Gyllenhaal wasn't kidding when she says her nomination came out of nowhere. While there was certainly significant buzz around her work in "Heart," she didn't receive a single mention from the dozens and dozens of Oscar precursors, even the Independent Spirit Awards, for which she had received two nominations in the past (and where "Crazy Heart" got three nominations). But on Oscar nomination morning, her name was deservedly read, giving the actress her first trip to the Kodak Theater as a nominee.

Gyllenhaal said the surprise element of the nomination has really helped her keep in mind how much the experience can be. "I did really try and let go of it as a validation in some ways," she said. "Although, I really do feel so honestly honored that other actors saw me, and saw what I was doing, even though it was quiet. [My character] Jean's kind of quiet. Quieter than a lot of other people I've played."

Jean is Jean Craddock, a journalist and single mother who begins a relationship with Bad (Jeff Bridges, an Oscar nominee for best actor), a struggling country music star who Jean encountered while writing a piece on him. Gyllenhaal said that when she received the script of the film, she connected to the character in a way that just felt perfect for where she was in her career and her life.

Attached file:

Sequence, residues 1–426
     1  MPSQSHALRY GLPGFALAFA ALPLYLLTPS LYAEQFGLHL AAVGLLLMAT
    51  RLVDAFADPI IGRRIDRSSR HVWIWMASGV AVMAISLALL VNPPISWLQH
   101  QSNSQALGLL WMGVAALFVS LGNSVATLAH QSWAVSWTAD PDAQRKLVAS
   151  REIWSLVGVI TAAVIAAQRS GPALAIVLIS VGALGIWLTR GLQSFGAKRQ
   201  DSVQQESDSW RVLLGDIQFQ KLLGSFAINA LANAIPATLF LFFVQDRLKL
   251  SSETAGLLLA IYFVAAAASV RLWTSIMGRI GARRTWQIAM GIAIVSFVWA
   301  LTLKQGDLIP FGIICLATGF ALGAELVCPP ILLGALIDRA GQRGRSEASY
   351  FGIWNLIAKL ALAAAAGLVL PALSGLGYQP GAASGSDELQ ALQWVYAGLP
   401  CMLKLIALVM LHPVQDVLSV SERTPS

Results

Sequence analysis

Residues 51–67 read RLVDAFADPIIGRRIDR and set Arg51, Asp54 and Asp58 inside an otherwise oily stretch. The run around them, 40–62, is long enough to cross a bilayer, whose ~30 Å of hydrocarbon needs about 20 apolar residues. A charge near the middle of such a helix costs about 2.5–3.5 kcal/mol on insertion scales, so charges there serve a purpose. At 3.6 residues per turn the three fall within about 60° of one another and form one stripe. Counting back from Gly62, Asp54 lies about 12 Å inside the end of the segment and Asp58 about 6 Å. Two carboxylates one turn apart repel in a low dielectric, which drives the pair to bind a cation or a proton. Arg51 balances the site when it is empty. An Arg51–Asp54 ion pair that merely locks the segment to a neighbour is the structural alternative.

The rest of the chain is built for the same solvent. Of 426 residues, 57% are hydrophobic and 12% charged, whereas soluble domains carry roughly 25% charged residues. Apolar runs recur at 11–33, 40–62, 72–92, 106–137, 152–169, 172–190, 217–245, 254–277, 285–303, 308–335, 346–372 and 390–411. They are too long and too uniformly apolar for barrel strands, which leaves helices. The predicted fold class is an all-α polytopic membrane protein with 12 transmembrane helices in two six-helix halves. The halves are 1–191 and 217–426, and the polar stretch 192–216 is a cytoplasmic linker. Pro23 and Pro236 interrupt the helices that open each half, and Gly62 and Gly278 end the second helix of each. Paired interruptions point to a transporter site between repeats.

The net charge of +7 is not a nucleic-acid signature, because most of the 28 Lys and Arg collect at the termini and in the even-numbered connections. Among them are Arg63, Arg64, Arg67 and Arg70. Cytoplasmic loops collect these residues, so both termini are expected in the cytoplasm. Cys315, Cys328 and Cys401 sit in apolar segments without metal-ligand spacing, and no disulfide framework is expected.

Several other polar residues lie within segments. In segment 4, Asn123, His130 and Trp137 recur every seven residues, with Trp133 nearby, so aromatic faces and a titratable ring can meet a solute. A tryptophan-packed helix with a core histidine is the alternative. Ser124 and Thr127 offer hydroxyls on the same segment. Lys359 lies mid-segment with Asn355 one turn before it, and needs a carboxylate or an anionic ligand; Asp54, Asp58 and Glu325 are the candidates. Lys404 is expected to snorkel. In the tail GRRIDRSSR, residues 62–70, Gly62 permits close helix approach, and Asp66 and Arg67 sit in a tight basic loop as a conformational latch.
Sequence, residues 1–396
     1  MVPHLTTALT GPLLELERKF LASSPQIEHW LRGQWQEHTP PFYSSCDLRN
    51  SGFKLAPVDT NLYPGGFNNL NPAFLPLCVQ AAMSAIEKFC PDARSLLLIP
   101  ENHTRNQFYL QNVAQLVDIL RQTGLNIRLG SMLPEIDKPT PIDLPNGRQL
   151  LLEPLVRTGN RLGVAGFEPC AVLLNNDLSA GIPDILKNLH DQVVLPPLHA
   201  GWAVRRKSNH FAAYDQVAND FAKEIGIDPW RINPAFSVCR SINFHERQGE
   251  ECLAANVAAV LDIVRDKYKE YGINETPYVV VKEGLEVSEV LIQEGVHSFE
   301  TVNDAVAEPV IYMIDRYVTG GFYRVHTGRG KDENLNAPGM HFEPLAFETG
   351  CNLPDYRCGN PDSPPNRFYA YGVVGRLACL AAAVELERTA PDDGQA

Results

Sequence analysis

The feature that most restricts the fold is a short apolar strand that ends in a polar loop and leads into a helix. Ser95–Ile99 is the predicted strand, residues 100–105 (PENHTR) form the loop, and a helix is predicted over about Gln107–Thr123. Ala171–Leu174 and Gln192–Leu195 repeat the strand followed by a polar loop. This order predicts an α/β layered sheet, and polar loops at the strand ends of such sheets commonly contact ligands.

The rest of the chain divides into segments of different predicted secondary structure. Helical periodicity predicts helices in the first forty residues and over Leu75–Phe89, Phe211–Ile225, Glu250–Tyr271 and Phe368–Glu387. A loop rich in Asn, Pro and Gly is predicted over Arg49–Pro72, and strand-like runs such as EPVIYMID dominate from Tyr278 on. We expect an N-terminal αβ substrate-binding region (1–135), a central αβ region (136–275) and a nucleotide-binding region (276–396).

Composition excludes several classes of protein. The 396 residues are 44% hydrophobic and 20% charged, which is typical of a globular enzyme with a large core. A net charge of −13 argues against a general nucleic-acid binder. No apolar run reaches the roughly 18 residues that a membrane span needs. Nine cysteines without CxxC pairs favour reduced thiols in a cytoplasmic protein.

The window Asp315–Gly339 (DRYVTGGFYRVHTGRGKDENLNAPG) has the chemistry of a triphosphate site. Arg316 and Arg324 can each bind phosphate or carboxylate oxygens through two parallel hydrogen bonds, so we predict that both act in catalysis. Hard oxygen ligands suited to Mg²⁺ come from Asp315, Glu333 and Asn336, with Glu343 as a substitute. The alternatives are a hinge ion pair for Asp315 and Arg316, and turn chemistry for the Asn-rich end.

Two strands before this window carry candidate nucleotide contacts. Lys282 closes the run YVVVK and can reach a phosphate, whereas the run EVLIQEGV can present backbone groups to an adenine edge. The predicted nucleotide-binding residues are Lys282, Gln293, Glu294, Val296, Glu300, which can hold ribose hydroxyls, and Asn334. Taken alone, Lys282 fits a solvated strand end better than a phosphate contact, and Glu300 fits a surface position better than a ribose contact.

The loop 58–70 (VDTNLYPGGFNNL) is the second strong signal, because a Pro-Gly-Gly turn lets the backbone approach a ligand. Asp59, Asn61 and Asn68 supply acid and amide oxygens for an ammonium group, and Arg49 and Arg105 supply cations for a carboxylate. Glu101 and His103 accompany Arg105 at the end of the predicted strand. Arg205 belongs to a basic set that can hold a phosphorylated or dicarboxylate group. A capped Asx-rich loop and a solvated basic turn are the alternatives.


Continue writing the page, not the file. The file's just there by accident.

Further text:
"I had an almost 2-year old when I got the script, and I had work some [since giving birth] but not really on anything that was totally consuming in the way that I was used to working," she said. "I'd been focusing so much on my daughter and it kind of got to this point where I needed something for myself. And 'Crazy Heart' was it. I read the script and I just really kind of got it. I really felt drawn to it... There was something really different about [Jean]. I think she's more vulnerable and more of a 'feeler' than anyone else I've played. I think that has to do with a lot of things, including just getting a little older and becoming a mother... I used to think that the ideal thing to be in the world was strong. To be as sort of fierce as I could be, and as strong as I could be. Both in my life and in my work... Not that I ever was particularly strong. But that's what I was going for."

Jeff Bridges, Maggie Gyllenhaal, Scott Cooper and "Crazy Heart" producer Judy Cairo at a screening of "Crazy Heart" at the DGA Theater in New York City. Photo by Katie Osgood.